I asked many of these bible-believing, hell-preaching fundamentalist Christians whether or not they thought children could be sent to hell, and many asserted that yes, they could but that it depended on the age of accountability. Although this phrase, “age of accountability” appears nowhere in the bible, fundamentalist Christians often repeat such phrases because they heard the phrase used in a sermon and simply assumed it was in the bible. Christians believing in the fundie-created “age of accountability” doctrine will not cite a specific age at which they believe a child reaches the “age of accountability” and is therefore subject to being eternally tormented in hell, but they believe generally believe that this age differs for each child. Some fundamentalists will tell you that a five-year-old could be at the age of accountability, while others will say that ten is the absolute youngest age at which a child could be damned. How sad it is to think that there are actually people in this world who believe that there is a “loving God” who will someday drop five-year-old children into an eternal fiery pit.
I asked Christians who claimed to hold such a belief whether or not the knowledge that five-year-old children were burning in hell would have any impact on their ability to enjoy paradise, and their answers were stunning. Many Christians informed me that no, this fact would not take away from their happiness. Guess why? Because they would have no knowledge of it. Have no knowledge of it? I asked. You mean that your God is going to somehow inoculate you against any previous memories or knowledge? Do you mean to say that your God will wipe away memories of a beloved child? Will you remember ever even having given birth to that child? Many said no, the only thing they would be aware of is that they were saved by their God. I asked them if they thought that would be kind of a robotic existence. The replies?
Robot for God here!!!
I would be happy to be a robot for Jesus!
I would be whatever my Lord wanted me to be.
Would you be a killer for your Lord? I wanted to ask, but I restrained myself.
Christians tell me the bible says that the people in hell will be able to see the people in heaven, but not the other way around. How odd. This “paradise” described by Christians does not sound like much of a paradise to me. It sounds more like being confined to a padded cell in a mental institution, only being allowed out for regular praise sessions of the institute’s director. How much happiness could one be capable of after being subjected to a supreme form of shock therapy in which all memories of a past life and current knowledge of reality is suppressed? One fellow skeptic said to me: “The Christian’s view of heaven is sitting around strumming banjos all day. How fun could that be? Another said, “It sounds like heaven will be filled with robotic beings, completely subservient, with no possibility of resistance.” One Christian argued with this view saying, “No, that is not how it will be. Heaven will be a very busy place.” Why? What will there be to do? I can only imagine hundreds of zombie-like Christians lying passively on their pallets, managing a sort of half smile as they hear the day’s agenda being announced over the intercom: Attention Robots. Praise sessions for our Lord will take place at 9, 12, 2, and 5 today. How ghastly!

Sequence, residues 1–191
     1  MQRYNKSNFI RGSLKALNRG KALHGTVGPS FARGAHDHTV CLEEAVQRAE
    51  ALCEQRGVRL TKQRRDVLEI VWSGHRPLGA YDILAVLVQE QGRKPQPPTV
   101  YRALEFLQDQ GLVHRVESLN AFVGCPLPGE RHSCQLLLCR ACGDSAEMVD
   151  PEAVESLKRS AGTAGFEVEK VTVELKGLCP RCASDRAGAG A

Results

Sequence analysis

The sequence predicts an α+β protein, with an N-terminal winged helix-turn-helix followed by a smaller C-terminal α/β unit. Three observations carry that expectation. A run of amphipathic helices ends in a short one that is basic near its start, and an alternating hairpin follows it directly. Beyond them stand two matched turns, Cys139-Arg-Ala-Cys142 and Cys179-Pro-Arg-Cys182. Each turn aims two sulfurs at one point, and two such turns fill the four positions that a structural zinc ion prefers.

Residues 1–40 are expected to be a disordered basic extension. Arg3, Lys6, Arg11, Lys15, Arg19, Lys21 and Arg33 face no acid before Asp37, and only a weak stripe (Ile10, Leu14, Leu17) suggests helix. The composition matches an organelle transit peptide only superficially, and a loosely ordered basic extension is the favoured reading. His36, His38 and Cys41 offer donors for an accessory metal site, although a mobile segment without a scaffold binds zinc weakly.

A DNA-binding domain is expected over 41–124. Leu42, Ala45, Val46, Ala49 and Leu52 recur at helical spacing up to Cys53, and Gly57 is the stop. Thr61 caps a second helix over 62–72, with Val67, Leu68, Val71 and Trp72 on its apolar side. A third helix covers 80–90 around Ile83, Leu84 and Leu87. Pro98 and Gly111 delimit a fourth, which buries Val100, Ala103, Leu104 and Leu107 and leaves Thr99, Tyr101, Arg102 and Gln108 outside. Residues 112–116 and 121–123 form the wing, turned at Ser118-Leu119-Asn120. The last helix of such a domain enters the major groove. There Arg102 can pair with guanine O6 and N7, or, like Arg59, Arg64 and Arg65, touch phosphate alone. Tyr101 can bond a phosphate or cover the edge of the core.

When Christians speak of the “hope that is within,” is it honestly a hope for this type of existence they are referring to? They can’t be serious. Even removing the possibility that children will be burning in hell and assuming there will only be unbelieving adults there, a belief in the sort of heaven and hell described by Christians is morally reprehensible. No true Christian could believe such a thing. It would be a contradiction in terms. The Christian’s heaven is not a place any sane or loving person would want to spend one minute, much less an eternity.
When I have explained these thoughts to liberal Christians, they shake their heads and say, “That is the viewpoint of the fundamentalists. It is not ours. We believe that Jesus desires that none should perish and that hell is not a burning pit, but merely a separation of man from God.”